The idea for The Tree of Life began in 1999 when the public school my daughters attended held a centennial celebration. The classrooms became decade rooms filled with memorabilia, photographs, letters, magazines and period clothing. Many years later I decided to take this centennial celebration as the starting point for a novel. What might happen if two eleven year old children, Charlotte Lisa Hansen and Henry Jacobs, researching the 1930’s, were suddenly transported to the end of that decade and given a problem to solve? Might the adventure be a dream, an extension of Charlotte’s very active imagination and Henry’s eidetic memory or might it be the truth?
Robert Schumann’s piano suite, Kinderszenen (The Songs of Childhood) was another inspiration. It begins with Of Foreign Lands and Strange People and Charlie MacFarlane might very well be playing this opening piece when Charlotte and Henry awake under a table in a summerhouse and confronted with Gwendolyn and Sarah, and a world on the brink of war. “What the…”Charlotte thinks when she sees the Tom Mix posters and the Shirley Temple dolls and Henry says: “Somebody up at the house is playing the Kinderszenen a whole lot better than I can.” Charlotte and Henry are in Toronto, in their very own neighborhood but they might as well be in China. They have been transported to a foreign land and are about to connect with a whole lot of strange people.
Initially The Tree of Life was called The Songs of Childhood but in those days the music was more integrated into the story than it is now. But the pieces still remain; a careful reader will find many references.
Dylan Thomas’s great poem Fern Hill is another source I drew upon. I have a copy of The Penguin Book of English Verse edited by John Hayward. It cost $1.00 and is in tatters. I also have, buried somewhere in the basement, an LP record with Richard Burton reading Fern Hill. Burton begins by simply telling a story – “Now as I was young and easy” – his voice modulated and calm but soon emotion takes over and the beauty and fragility of this child’s journey through time begins.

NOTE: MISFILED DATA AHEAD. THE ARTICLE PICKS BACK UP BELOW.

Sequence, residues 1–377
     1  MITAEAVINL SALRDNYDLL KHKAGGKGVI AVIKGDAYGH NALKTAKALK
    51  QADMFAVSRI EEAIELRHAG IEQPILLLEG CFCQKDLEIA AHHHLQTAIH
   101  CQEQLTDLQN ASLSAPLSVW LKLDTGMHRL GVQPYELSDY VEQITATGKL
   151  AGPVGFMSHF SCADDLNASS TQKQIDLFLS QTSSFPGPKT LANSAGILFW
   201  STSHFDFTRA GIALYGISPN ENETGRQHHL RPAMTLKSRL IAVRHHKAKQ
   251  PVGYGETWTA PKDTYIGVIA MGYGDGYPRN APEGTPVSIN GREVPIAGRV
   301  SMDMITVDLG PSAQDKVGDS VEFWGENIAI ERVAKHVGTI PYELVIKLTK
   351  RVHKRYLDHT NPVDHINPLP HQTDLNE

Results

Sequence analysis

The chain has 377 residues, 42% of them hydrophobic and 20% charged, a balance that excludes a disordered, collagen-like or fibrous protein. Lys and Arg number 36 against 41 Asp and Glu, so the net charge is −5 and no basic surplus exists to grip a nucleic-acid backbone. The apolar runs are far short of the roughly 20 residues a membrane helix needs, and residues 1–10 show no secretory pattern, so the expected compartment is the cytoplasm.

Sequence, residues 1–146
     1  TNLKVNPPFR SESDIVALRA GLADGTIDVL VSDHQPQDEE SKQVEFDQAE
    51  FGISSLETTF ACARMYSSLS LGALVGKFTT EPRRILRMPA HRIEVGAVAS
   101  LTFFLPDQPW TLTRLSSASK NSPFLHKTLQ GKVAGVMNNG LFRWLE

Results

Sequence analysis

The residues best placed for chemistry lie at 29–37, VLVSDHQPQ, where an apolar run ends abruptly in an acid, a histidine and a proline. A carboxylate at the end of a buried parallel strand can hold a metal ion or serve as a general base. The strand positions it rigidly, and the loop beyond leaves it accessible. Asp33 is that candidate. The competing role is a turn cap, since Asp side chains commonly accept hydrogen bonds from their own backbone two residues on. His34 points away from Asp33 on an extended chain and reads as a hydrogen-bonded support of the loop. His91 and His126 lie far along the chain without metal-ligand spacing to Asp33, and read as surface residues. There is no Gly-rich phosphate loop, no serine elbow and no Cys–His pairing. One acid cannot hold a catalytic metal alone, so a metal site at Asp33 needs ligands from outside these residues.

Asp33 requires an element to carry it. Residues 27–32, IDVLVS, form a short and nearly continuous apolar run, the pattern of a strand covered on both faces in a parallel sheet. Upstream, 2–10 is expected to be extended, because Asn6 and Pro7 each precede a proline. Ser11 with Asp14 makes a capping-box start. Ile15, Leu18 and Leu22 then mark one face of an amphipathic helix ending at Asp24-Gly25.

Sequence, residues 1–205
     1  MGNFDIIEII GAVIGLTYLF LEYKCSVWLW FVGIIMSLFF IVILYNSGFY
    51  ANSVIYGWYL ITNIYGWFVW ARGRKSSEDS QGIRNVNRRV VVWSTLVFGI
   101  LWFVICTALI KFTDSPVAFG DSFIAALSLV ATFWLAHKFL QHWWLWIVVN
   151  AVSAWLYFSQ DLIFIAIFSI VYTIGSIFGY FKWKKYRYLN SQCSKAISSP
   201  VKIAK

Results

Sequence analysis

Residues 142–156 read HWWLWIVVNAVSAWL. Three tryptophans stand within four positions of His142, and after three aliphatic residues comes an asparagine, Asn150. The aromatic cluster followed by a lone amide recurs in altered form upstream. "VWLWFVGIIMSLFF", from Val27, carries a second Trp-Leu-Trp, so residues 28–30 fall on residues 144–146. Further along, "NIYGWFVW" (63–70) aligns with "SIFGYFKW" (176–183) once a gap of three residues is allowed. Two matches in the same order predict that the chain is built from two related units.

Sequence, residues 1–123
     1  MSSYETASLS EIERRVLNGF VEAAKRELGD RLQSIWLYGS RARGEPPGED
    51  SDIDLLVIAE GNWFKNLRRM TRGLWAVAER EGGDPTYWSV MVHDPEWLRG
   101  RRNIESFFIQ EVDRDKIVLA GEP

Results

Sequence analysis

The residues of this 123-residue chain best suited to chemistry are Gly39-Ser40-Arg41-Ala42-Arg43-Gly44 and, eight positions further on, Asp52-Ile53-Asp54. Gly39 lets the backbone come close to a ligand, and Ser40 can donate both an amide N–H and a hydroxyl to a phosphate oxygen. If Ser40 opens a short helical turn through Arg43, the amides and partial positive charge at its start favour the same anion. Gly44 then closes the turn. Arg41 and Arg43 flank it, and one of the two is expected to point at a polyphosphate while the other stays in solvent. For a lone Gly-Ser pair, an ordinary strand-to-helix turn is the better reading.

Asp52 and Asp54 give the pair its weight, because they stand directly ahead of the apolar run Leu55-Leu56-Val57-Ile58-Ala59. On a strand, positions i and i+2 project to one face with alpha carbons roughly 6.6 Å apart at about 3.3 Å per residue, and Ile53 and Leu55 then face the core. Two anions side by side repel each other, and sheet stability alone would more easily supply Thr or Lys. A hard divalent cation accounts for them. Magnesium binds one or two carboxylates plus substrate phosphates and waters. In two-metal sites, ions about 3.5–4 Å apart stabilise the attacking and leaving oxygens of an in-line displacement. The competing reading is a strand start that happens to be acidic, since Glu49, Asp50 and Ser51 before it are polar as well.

Charlotte and Henry are on the cusp of pubescence but still firmly entrenched in the mysteries and joys of childhood. They are motivated by imagination and exploration and a freedom that is as tensile as steel. Flashing like bright stars they live the adventure.
And finally You Can’t Take it With You, the Pulitzer Prize winning play written by Moss Hart and George S. Kaufman had a tremendous influence on me when I first saw it as a young child. I wanted to live in Grandpa’s house forever. I wanted to dance in ballet shoes as I set the dining room table and have a kitten to use as a paperweight as I wrote a novel that would never end, and make firecrackers in the basement, hand out leaflets with messages I didn’t understand, play the xylophone and maybe later, when I was grown up, find a handsome, kind man who would cherish me.
But You Can’t Take it With You wasn’t all good times and happy faces. A corrupt man, who is broken, kills himself; another sees his world crumbling and reaches for redemption; people help one another and all is saved – sealed with good fellowship by, of all things, a harmonica duet. “Fare thee well, fare thee well.” This movie taught me there is always a second chance for everyone,
Decades later, when the characters in The Tree of Life began to emerge it was no accident that Charlotte had to live with her grandfather (who else would let her be who she was) in a crumbling old mansion filled with secrets, eccentric visitors, and the smell of baking and warm welcome.
But most essential, people who passed through the doors of this peculiar house, had to be given a second chance, if they wanted it. All it took was a fragment of memory, a longing, and recognition of our shared humanity to find a better way.
The Tree of Life is Davis’s debut novel, and the first book in her Tower Room series.
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